KITTERY POINT – The time for a decision is fast approaching. The Maine Legislature soon will decide whether Maine will accept millions of dollars of federal aid under the Affordable Care Act to offer health insurance to 69,500 uninsured Mainers.

Our policymakers should make it a priority to put politics aside and do the right thing: Take the money.

Under the Affordable Care Act, the federal government will pay the entire cost of covering newly eligible individuals for three years beginning in 2014 and 90 percent starting in 2020. This would provide health care coverage to thousands of Maine residents who would otherwise be uninsured in 2014. It is important to emphasize that these are federal dollars already set aside for the state of Maine to expand health care. 

By accepting the federal funds, Maine can help hardworking people who have lost their health insurance get Medicaid health coverage if their incomes are less than approximately $15,000 a year, or 138 percent of the federal poverty level.

Through this measure, 69,500 Maine people who are not currently insured could qualify for health care coverage, including the more than 16,300 Mainers ages 50 to 64 who have lost their jobs or are working in jobs without health benefits. 

Unexpectedly losing a job is tough at the best of times, but studies show that it takes longer for older workers to re-enter the job force compared to their younger counterparts.

Once they lose their jobs, older workers face unemployment lasting, on average, more than a year. That may represent a whole year of mounting debt and health concerns that many will leave untreated because they cannot afford to go to their own doctor.

Leaving people uninsured without access to primary and preventive care can put at risk even those who have made the most thoughtful preparation for health and financial security in later life. 

By accepting federal funds to expand Medicaid, the state can provide access to both primary and preventive care such as medical screenings and treatment for chronic diseases like cancer and heart disease.

This means that 69,500 people will have access to the care they need that will keep them from getting sick in the first place. With access to affordable coverage, residents will be less likely to seek care in an emergency room which, in most cases, is the most expensive way to receive health care.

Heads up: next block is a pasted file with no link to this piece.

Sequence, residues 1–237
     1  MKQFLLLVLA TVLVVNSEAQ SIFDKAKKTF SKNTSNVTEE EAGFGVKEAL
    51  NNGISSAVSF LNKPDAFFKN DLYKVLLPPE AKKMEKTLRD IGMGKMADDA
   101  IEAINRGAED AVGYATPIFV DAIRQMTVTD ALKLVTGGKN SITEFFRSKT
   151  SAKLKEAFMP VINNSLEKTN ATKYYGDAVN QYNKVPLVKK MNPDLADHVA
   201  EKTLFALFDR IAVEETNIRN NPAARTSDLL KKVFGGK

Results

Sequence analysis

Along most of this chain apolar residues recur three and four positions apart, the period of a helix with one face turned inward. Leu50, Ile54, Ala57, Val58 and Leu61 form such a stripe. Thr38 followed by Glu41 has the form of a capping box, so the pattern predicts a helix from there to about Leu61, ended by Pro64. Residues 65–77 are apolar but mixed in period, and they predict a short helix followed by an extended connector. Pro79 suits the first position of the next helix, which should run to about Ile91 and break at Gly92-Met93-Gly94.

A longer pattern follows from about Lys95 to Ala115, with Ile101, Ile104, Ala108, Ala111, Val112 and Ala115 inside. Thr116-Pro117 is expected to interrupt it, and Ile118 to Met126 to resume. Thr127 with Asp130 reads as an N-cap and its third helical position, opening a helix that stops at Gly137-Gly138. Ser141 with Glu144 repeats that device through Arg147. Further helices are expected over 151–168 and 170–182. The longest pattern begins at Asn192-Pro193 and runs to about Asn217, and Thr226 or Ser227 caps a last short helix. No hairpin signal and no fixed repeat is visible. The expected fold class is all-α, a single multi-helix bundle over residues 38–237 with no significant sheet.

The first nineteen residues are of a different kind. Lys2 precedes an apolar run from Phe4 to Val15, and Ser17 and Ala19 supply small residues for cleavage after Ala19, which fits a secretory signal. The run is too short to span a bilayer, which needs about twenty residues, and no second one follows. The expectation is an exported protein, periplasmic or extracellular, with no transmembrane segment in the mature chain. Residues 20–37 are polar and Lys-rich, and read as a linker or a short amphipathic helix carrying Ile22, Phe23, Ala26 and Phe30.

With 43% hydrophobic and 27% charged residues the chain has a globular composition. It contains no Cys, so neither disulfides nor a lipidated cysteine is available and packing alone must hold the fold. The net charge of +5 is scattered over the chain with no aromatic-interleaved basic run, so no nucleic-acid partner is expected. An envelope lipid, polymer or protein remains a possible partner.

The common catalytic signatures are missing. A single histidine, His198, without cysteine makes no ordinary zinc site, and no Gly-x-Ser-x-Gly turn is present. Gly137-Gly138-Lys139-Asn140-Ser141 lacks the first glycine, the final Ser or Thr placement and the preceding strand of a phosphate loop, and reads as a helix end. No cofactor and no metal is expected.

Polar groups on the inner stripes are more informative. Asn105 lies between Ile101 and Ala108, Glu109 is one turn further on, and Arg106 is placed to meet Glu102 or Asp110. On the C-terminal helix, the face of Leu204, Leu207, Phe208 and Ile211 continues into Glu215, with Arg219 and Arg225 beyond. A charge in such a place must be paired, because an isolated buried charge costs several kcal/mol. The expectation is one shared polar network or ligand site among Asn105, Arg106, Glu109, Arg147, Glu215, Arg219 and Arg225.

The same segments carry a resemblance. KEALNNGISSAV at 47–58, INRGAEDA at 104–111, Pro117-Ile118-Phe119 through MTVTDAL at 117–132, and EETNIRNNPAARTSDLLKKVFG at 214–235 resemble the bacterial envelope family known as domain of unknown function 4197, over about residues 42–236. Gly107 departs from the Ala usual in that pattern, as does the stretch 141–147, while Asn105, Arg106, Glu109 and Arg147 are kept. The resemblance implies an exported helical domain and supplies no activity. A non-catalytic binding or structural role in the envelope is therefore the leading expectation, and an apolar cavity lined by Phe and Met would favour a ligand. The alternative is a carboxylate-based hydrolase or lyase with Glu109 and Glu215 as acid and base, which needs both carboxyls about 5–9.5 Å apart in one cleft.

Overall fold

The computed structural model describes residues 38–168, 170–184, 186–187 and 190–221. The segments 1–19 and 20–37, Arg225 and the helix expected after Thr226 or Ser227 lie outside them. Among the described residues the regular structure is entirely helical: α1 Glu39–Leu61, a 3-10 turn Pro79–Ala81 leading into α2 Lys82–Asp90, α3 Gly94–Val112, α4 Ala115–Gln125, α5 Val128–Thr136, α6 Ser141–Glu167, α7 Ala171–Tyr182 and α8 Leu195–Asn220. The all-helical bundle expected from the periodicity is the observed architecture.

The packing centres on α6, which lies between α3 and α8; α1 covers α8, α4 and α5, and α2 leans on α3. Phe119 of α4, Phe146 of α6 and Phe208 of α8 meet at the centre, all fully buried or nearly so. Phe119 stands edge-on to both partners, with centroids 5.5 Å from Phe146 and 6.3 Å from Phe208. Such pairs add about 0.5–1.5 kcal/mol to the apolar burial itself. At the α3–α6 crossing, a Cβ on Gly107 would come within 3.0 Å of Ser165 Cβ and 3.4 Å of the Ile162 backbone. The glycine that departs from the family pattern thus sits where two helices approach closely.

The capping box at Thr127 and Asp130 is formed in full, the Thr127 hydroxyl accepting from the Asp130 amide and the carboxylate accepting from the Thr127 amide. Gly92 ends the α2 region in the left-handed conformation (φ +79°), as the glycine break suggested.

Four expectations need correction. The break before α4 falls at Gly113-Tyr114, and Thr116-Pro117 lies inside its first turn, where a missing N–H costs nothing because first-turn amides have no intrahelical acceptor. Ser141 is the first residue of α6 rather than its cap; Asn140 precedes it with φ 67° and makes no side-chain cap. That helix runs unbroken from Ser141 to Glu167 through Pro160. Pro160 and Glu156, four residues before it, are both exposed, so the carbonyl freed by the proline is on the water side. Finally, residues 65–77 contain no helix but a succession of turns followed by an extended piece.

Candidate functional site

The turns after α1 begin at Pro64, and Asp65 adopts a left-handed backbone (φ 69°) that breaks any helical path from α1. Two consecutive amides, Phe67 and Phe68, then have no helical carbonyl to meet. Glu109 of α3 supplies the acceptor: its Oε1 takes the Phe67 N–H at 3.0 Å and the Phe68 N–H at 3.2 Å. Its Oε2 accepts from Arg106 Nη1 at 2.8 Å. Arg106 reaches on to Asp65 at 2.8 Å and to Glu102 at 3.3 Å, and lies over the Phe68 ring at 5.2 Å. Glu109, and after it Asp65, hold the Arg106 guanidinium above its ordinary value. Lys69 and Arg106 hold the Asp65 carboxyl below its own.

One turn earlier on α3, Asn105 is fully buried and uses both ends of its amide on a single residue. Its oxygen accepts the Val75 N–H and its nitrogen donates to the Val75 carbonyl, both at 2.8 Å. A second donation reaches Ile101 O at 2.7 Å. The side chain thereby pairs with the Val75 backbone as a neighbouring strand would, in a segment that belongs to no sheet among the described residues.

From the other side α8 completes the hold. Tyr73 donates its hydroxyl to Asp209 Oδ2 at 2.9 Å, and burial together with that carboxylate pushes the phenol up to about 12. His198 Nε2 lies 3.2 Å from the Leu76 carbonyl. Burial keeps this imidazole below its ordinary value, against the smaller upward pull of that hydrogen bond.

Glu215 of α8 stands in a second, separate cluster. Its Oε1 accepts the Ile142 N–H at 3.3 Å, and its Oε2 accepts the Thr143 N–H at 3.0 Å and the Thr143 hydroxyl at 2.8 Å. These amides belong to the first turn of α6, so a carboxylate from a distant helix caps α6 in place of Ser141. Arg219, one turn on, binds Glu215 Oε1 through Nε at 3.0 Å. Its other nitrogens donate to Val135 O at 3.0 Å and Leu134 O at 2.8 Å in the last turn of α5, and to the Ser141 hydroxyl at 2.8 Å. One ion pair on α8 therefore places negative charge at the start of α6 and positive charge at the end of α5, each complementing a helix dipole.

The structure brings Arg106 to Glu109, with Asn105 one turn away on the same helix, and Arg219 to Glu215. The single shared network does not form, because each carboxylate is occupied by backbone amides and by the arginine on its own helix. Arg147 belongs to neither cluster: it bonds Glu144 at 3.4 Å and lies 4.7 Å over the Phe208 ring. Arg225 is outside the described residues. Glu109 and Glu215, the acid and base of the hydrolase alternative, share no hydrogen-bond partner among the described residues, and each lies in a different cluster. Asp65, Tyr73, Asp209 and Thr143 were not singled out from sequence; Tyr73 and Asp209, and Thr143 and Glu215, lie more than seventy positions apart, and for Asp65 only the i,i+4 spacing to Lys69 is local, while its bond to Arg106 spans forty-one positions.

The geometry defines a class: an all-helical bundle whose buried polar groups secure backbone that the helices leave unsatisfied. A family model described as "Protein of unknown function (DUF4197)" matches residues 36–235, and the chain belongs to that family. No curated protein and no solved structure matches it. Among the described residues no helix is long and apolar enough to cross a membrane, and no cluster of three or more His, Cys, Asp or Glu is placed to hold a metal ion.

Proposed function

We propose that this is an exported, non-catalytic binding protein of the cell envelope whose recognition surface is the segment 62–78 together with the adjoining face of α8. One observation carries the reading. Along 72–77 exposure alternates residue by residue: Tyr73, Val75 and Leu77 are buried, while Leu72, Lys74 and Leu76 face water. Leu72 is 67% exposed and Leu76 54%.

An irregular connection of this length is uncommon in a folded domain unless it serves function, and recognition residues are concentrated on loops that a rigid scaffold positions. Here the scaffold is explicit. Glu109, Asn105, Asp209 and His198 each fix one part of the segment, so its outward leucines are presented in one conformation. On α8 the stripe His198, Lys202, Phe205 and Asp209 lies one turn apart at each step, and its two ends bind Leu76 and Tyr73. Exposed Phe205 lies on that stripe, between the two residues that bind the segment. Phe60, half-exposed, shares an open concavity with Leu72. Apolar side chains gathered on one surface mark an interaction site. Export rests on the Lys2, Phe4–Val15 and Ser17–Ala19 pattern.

Further, accepting federal funds to expand health care coverage makes sense regarding the hospital settlement issue. 

Expanding Medicaid is good for the long-term sustainability of fiscal health for Maine’s hospitals since, through this measure, the need for charity care will go down. If Maine does not accept these federal dollars, our hospitals will continue to lose money.

This is the time for Maine people to make their voices heard on this critical issue. More than 85 organizations in the state of Maine have come together under one name to show their support for accepting these federal dollars.

The Cover Maine Now! Coalition at represents organizations from across the state: businesses, nonprofits, faith-based organizations and civic groups, all of whom believe this is the right thing to do for Maine right now. The coalition hopes that Mainers will voice their opinion on this important matter by urging their legislators to accept the federal funding available to extend affordable health coverage. 

Providing health care coverage to more Maine people makes sense both for the health of Maine residents and for the state’s economy. This should not be a political issue.

Our Legislature and our governor should put politics aside and do what is best for Maine people. They should support expanding affordable health care services by accepting federal funds for Medicaid.

Marion Pawlek of Kittery Point is a member of the Executive Council of AARP Maine.


Only subscribers are eligible to post comments. Please subscribe or to participate in the conversation. Here’s why.

Use the form below to reset your password. When you've submitted your account email, we will send an email with a reset code.